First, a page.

I'm honoured and flattered to be the subject of a double-page spread in today's Eastern Daily Press, with an interview and photos from my Comic Art Masterclass in Dereham, Norfolk.
Comic genius inspires youngsters
(Must say I prefer that headline as it appears in the paper)
His comic strips have brought the Bash Street Kids and Doctor Who to life for countless readers. And yesterday Kev Sutherland – an artist with iconic comic The Beano – shared his skills with the next generation of cartoonists at a workshop in Dereham.
The Beano’s sales approached 2m in the 1950s when the likes of Dennis
the Menace and Minnie the Minx were at their prime but numbers are now
down to 38,000, and Mr Sutherland said comics are “increasingly a
minority sport, especially for younger readers.”
Toftwood Junior School, Mr Sutherland said the future for comics among
today’s youngsters lies in a different direction and increasingly
He said: “They want chain saws, zombies and violence –
all the stuff they get in computer games. I want to see books for kids
with violence – cathartic and well-reasoned violence. Kids don’t like
soft stuff, by and large.
“When you see the stuff the kids have
created for themselves, mostly it’s explosive gun-toting hamsters
blowing up Jeremy Clarkson or Peppa Pig, and that’s where eight-year-old
brains are at.
“I find some people are a bit disturbed by the violence in the stories. They should read Shakespeare or the Bible.”
of the one-page comics his audience produced proved his point, with
titles ranging from The Killer Tree Gets Simon and Gangster Frenzy to
Teletubby Massacre, although Love showed a gentler, surreal streak.
Dereham Neatherd student Josh Crisp, 14, said he uses the internet to read Japanese manga and learn how to create them.
said: “I read a lot of manga but they are hard to draw. I used to read
Beano and had a couple of annuals at home. It was quite good, but I got
bored of them.”
Mr Sutherland said stories that interest him
inspire his work for the Beano, and he has brought back old characters
and written longer stories that children can invest their time in. In
one 16-page story, Julius Sneezer returned in the form of an Ofsted
He said: “It’s when you do long stories you can do
things that are worth kids reading. Stuff you read as a kid like Tin Tin
and Asterix books are stories where you reward the kids’ attention and
you have given them time to have something to read.”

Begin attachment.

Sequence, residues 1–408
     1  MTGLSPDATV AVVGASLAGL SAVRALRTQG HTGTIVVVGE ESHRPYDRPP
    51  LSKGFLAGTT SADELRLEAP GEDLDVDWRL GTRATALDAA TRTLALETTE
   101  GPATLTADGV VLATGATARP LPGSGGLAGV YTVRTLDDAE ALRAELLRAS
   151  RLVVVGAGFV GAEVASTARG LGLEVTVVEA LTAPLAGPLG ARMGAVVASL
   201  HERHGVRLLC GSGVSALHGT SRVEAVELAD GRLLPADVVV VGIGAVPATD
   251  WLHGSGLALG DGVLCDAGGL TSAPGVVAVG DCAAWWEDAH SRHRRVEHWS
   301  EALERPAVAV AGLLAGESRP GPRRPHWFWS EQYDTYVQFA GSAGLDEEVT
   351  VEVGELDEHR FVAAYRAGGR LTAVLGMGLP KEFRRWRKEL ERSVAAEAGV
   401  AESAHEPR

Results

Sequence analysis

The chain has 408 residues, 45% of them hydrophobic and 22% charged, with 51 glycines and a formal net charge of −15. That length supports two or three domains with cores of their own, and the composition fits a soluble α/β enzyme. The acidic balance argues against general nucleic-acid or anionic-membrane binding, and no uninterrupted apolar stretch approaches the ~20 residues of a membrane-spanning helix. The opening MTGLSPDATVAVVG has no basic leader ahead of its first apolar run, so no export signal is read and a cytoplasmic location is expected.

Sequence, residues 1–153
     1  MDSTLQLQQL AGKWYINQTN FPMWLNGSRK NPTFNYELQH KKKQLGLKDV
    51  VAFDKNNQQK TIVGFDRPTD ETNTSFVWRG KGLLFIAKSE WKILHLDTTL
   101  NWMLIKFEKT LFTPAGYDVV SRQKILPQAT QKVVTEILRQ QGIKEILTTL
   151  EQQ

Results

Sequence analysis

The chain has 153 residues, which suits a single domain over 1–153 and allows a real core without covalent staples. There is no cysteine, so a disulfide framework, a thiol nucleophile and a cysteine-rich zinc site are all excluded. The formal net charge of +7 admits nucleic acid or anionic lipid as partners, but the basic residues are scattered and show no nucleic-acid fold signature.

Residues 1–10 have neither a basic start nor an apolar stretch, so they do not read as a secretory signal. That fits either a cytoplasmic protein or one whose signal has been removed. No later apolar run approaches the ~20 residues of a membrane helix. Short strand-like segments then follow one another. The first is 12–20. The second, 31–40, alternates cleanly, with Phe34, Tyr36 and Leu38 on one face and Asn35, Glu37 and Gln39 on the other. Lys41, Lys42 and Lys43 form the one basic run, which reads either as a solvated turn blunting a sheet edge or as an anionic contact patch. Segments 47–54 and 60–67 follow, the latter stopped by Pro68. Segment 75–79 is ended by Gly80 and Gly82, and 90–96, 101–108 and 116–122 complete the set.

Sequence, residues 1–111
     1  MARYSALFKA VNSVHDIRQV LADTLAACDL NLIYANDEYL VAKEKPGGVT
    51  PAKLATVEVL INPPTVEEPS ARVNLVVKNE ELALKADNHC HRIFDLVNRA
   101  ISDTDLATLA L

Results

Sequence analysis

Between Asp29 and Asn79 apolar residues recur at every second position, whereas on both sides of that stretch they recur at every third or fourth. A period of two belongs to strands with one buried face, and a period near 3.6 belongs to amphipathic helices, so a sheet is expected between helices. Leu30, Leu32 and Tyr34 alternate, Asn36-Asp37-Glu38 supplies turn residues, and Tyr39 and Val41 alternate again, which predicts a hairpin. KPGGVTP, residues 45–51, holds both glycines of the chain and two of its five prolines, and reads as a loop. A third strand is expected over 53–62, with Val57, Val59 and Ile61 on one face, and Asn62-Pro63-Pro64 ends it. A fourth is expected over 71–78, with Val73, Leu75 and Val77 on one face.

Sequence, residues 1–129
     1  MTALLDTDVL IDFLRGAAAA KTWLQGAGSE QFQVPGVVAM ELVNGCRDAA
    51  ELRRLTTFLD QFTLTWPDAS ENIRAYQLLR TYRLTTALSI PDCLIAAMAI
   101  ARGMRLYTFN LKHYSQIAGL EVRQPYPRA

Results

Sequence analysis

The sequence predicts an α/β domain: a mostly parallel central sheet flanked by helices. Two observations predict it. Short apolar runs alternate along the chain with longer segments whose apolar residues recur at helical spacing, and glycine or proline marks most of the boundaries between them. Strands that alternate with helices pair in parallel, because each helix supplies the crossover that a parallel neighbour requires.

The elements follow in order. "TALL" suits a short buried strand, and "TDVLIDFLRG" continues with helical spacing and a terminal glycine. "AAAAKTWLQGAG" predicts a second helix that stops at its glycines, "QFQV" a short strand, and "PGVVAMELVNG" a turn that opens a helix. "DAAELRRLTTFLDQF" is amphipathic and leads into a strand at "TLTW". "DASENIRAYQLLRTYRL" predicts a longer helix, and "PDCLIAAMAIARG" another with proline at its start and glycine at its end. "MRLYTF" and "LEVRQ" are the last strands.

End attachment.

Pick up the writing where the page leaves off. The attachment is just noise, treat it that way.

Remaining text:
He pointed to
the success of manga comic books in Japan, where one story can run for
200 pages and computer games are inspired by comics, rather than drawing
away potential readers.
Beano has launched its iPhone app, which entered the top ten most downloaded apps on the Apple news stand within two weeks.
Sutherland has started experimenting with selling his comics on Kindle
devices, and last month received £7 from sales in Britain and France.
said: “If you are driving kids towards words and pictures that can only
be a good thing, especially if they are reading the words, rather than
just hearing them.”
Mr Sutherland takes heart from the explosion
in popular children’s books, but said comics need to be better and more
affordable to duplicate their success.
The internet, by avoiding the expense of colour printing, could help with the latter.
also said comics had one advantage over big-budget films and computer
games – children can create their owns strips using exactly the same
tools as the professionals.
Added to the main article, there's a piece in the Comments and Opinion section (which I can't find online) continuing my observations that comics could have a revival of interest given the right material. So thankyou EDP for the cracking coverage. And memo to myself, I should pay more attention when doing interviews in class so I don't say things that come across a bit naff. "...last month (he) received £7 from sales in Britain and France" doesn't sound so much witty and self-deprecating as it does pathetic. And "They should read Shakespeare or the Bible" sounds like I'm suggesting those as nice alternatives to violent reading whereas my point was that they are more violent than people think. Ah, whatever, no publicity is bad publicity.
If anyone would like to bring my Comic Art Masterclasses to their school or art centre, do please email or twitter.